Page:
The Arizona Senate received hundreds of emails after requesting tips regarding election fraud during the 2020 general election.
The emails were sent to an address set up for eight days in November by Senate President Karen Fann. The email address was an official legislative address.
Copies of the emails were sent to Arizona Public Media following a public records request. We reviewed the nearly 500 emails.
Nearly 75% fell into a category chastising, sometimes with the harshest language, Republicans for not accepting the outcome of the elections. Others in that group were mock complaints saying birds in cacti told people how to vote, and space aliens were observed casting ballots on Election Day.
“So you’re looking for election fraud? It’s easy to find. Just look in the mirror. If you want more evidence, look at your sidekick Mr. Finchem. The two of you are demonstrating clearly that there are no limits to your underhanded, perhaps illegal – certainly unethical and unfounded – efforts to overturn the clear will expressed by Arizona voters in an election that has produced absolutely no evidence of fraud on any level. Get over it,” read one of the emails.
About a quarter of the emails were election complaints. Many complained about the use of Sharpie markers in polling places, concerns about the use of Dominion election equipment, or were calls for a forensic audit or hand count of the entire state’s vote.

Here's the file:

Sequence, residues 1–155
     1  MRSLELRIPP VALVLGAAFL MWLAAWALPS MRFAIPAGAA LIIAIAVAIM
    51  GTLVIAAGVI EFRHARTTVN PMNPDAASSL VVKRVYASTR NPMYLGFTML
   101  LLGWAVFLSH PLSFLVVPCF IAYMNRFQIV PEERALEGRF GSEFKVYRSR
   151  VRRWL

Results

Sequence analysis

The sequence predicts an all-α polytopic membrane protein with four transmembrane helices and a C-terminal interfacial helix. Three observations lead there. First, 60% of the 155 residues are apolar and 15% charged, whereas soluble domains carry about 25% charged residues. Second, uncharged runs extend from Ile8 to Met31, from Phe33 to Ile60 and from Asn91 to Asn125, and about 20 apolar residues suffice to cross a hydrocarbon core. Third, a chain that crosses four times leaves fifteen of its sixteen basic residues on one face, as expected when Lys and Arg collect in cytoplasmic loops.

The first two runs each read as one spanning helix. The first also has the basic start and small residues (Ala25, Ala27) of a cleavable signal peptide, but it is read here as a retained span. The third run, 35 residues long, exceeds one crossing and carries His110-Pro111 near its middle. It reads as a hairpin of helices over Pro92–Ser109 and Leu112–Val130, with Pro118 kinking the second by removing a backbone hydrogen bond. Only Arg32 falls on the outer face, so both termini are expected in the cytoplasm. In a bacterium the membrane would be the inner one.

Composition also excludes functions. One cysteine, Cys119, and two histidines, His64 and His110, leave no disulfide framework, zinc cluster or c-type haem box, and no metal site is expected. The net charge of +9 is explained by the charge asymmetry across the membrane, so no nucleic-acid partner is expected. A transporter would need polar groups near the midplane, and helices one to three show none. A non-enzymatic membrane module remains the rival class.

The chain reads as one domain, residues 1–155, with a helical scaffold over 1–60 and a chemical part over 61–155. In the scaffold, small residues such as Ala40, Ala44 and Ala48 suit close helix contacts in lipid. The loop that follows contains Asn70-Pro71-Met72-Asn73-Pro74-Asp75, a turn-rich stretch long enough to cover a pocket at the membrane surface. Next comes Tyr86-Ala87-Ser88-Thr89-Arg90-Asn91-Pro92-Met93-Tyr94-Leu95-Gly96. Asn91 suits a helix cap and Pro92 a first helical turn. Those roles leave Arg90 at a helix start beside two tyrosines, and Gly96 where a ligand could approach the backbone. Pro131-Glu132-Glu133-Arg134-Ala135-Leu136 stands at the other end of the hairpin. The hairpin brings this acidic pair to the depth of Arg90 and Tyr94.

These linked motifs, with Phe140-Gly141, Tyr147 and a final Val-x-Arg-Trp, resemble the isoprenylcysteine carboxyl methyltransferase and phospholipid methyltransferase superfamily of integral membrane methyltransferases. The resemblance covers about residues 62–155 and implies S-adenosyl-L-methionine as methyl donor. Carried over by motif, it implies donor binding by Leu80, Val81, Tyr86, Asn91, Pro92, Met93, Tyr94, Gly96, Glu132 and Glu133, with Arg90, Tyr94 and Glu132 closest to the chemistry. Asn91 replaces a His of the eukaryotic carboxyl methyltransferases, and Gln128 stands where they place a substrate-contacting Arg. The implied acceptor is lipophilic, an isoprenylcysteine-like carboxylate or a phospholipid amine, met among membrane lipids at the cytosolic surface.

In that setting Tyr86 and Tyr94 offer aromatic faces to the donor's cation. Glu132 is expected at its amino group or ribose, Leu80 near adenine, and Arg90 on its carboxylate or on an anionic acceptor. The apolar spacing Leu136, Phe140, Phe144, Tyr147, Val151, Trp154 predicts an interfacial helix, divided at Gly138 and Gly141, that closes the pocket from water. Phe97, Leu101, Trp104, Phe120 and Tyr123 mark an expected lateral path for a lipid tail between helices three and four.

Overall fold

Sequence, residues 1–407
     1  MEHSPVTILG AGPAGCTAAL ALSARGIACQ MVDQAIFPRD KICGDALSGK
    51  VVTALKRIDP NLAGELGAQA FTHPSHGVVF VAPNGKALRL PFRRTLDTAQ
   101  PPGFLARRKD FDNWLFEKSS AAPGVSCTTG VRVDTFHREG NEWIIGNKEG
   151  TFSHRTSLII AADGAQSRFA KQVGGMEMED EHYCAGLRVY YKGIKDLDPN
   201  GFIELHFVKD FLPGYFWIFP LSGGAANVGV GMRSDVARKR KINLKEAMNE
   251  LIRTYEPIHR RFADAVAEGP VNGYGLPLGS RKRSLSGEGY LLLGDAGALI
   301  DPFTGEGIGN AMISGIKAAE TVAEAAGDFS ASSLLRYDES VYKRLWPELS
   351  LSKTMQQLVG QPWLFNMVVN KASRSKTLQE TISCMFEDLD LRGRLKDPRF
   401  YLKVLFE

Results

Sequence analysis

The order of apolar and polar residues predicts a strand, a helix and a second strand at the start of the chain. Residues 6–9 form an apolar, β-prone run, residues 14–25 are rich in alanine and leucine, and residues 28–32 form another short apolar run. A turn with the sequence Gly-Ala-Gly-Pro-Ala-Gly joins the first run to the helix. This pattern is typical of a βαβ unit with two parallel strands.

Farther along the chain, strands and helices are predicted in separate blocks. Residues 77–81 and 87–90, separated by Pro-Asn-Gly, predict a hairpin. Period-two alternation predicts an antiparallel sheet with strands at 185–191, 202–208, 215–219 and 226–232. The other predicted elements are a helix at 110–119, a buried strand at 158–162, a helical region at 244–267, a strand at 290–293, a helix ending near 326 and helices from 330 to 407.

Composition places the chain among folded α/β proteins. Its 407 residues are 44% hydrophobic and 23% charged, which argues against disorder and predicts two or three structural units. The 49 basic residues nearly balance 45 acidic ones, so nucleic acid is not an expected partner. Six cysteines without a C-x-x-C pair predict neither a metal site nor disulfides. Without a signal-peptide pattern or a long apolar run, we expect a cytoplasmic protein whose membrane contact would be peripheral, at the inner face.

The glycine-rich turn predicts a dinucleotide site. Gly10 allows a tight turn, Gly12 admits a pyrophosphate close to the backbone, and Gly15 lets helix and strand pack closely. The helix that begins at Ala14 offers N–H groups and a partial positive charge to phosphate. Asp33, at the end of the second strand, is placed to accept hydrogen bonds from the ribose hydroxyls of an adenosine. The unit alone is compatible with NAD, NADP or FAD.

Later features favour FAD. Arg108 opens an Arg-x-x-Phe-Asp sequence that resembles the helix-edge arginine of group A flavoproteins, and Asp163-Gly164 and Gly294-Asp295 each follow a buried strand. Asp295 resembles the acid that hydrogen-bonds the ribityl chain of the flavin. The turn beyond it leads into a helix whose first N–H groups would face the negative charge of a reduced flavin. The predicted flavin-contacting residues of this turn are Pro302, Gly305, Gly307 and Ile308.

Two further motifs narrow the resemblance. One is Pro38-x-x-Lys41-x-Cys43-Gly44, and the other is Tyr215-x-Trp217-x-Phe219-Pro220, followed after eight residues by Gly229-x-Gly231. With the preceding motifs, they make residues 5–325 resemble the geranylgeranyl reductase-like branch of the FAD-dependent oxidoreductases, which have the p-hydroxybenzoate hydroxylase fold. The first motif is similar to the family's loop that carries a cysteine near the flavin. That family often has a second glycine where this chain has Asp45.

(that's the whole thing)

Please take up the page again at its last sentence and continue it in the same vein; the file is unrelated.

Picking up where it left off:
“Please do everything in your power to push an investigation in What (sic) these machines may have done to sway this election. Please do not allow certification until these machines have been checked to make sure they did not have a negative (sic) against our President,” read an email.
Some of the emails did detail problems with voting machines that did not seem to tabulate votes, the inability to confirm votes were counted, and problems with the voter registration system.
A spokesperson for the Senate President said some of the complaints were forwarded to the Election Integrity Unit in the state Attorney General’s office.
An attorney for the Election Integrity Unit told the Senate Judiciary Committee on Monday that they are still investigating claims.
Arizona Attorney General Mark Brnovich has said there was no widespread fraud in the election. A number of state and federal judges have also ruled that way in the last month.